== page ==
Light-enabled Microprocessor Holds Promise for Faster Computers

By John Russell

February 23, 2016

Combining electronics and photonics on semiconductor microchips to speed data transmission isn’t a new idea – the potential for better performance and power reduction are enticing. However thorny manufacturing issues have so far limited widespread use of this approach. That could change soon according to a recent report in Nature[i] and would have have broad implications extending even to efforts to achieve exascale computing, say the authors.

In the paper – “Single-chip microprocessor that communicates directly using light” – researchers from UC Berkeley, University of Colorado, and MIT report fabricating an electronic–photonic system on a single chip integrating over 70 million transistors and 850 photonic components that work together to provide logic, memory, and interconnect functions. Most significantly, they did it with standard CMOS manufacturing techniques.

Talking about the impact of the work, Miloš Popovic a co-author on the study from the University of Colorado told HPCwire, “This work is directly aimed at the energy problem in supercomputers.  It will enable reducing the communication energy by about an order of magnitude, and will make communication energy independent of distance of a link — up to 100’s of meters. So, it’s definitely part of the exascale computing story.”

The chip was fabricated using a commercial high-performance 45-nm complementary metal–oxide semiconductor (CMOS) silicon-on-insulator (SOI) process. The authors write: “No changes to the foundry process were necessary to accommodate photonics and all optical devices were designed to comply with the native process-manufacturing rules. This ‘zero-change’ integration enables high-performance transistors on the same chip as optics, reuse of all existing designs in the process, compatibility with electronics design tools, and manufacturing in an existing high-volume foundry.”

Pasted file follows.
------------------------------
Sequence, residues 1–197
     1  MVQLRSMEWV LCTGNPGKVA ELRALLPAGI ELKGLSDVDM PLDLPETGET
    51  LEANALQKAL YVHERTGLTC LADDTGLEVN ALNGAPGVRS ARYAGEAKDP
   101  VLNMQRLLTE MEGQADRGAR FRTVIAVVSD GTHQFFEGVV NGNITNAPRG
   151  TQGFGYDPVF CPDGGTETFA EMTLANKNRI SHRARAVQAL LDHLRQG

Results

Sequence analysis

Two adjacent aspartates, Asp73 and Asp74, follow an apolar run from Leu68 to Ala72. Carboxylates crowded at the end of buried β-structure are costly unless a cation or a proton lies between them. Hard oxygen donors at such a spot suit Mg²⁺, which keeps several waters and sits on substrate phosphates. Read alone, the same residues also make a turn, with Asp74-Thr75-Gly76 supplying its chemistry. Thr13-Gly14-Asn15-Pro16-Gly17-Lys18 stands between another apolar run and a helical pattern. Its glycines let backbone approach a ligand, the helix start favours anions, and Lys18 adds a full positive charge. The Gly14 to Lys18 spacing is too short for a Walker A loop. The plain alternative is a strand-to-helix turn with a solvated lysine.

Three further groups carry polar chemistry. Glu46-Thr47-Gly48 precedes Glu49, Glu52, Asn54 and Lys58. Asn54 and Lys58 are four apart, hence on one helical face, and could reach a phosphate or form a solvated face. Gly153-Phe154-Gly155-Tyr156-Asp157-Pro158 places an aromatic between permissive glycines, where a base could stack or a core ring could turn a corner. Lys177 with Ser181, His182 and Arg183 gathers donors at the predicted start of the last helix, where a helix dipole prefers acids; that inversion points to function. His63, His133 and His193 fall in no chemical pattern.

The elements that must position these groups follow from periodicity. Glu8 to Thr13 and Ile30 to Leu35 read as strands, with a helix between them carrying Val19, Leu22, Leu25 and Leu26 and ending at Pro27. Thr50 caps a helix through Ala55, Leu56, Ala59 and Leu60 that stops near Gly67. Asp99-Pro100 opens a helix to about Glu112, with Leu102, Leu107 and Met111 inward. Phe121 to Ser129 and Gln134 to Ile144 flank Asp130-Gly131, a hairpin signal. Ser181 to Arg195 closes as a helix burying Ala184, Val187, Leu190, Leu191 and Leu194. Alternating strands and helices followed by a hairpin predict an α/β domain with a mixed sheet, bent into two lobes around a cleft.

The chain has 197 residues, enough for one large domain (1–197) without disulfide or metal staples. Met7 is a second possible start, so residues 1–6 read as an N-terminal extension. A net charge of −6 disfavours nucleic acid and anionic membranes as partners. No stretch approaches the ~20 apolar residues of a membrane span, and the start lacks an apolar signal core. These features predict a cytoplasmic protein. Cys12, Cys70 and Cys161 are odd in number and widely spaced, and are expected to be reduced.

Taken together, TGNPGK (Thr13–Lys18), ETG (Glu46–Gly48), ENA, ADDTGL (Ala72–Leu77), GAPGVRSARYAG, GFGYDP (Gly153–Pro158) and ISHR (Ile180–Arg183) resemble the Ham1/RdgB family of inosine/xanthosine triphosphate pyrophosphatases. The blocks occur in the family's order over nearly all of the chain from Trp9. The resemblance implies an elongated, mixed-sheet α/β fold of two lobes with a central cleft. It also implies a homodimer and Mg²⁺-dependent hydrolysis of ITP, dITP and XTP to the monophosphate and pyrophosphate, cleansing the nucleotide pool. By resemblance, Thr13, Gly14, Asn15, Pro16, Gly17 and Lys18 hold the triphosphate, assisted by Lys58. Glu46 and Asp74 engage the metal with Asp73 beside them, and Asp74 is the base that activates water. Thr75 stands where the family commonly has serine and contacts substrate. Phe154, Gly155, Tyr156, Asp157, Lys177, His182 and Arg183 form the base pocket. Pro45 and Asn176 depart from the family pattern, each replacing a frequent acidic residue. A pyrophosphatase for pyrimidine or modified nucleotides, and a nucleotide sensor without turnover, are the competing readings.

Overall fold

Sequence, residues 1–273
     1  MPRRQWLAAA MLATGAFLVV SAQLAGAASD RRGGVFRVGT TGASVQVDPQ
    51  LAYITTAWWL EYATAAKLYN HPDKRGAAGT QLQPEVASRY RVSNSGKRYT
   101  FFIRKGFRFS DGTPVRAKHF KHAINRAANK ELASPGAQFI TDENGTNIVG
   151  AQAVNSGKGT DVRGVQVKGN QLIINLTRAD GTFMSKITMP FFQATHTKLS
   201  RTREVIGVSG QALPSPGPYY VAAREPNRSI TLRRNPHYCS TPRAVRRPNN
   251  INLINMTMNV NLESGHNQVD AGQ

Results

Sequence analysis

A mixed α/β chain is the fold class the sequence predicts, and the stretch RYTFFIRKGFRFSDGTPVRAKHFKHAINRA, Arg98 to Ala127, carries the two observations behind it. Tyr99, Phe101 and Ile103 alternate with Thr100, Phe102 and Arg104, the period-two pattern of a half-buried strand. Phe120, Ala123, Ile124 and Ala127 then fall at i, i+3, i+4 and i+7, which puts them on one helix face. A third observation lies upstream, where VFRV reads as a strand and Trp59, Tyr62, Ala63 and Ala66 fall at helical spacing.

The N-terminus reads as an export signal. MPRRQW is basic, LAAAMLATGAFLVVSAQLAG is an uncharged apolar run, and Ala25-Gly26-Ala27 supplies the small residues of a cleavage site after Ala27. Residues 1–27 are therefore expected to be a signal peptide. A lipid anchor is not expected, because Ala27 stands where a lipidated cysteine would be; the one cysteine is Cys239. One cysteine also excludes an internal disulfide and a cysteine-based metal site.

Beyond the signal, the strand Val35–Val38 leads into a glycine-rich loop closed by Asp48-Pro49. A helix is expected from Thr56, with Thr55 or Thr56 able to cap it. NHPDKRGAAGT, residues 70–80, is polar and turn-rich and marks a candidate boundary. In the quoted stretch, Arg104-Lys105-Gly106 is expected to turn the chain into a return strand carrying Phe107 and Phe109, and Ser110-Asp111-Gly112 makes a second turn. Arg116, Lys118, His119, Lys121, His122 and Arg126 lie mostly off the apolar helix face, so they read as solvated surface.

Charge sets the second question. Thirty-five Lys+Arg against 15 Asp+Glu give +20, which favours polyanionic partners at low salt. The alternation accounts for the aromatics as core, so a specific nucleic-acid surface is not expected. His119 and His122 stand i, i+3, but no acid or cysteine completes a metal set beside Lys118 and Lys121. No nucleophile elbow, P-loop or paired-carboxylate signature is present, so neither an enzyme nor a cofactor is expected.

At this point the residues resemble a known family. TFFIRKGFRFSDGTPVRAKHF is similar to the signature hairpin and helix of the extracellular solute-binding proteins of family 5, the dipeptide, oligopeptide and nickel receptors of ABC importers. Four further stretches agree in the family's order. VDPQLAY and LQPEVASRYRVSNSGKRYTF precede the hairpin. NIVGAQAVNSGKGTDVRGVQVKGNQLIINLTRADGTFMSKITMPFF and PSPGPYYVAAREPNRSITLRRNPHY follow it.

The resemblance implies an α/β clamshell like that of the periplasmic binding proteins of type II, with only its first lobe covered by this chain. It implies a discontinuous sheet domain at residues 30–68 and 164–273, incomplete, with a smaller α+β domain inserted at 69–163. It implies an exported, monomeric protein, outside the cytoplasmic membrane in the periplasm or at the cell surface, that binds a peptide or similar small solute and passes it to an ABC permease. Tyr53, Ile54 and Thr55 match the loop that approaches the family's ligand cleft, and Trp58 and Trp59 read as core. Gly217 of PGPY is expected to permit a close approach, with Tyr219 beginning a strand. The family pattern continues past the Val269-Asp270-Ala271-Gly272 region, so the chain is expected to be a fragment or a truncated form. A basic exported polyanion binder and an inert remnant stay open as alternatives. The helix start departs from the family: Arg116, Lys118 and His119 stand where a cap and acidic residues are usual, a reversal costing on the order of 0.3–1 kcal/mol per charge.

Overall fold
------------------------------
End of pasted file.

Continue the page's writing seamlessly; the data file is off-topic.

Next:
On-chip electro-optic transmitters and receivers enable both the microprocessor and the memory to communicate directly to off-chip components using light, without the need for separate chips or components to host the optical devices.

One advantage of light based communication, noted Popović, is that multiple parallel data streams encoded on different colors of light can be sent over one and the same medium – in this case, an optical wire waveguide on a chip, or an off-chip optical fiber of the same kind that as those that form the Internet backbone.

Close-up of light-enabled microprocessor showing optical circuits (left), memory (top) and 2 compute cores (right)
Close-up of light-enabled microprocessor showing optical circuits (left), memory (top) and 2 compute cores (right)

“Another advantage is that the infrared light that we use – and that also TV remotes use – has a physical wavelength shorter than 1 micron, about one hundredth of the thickness of a human hair,” he said. “This enables very dense packing of light communication ports on a chip, enabling huge total bandwidth.” The new chip has a bandwidth density of 300 gigabits per second per square millimeter, about 10 to 50 times greater than packaged electrical-only microprocessors currently on the market.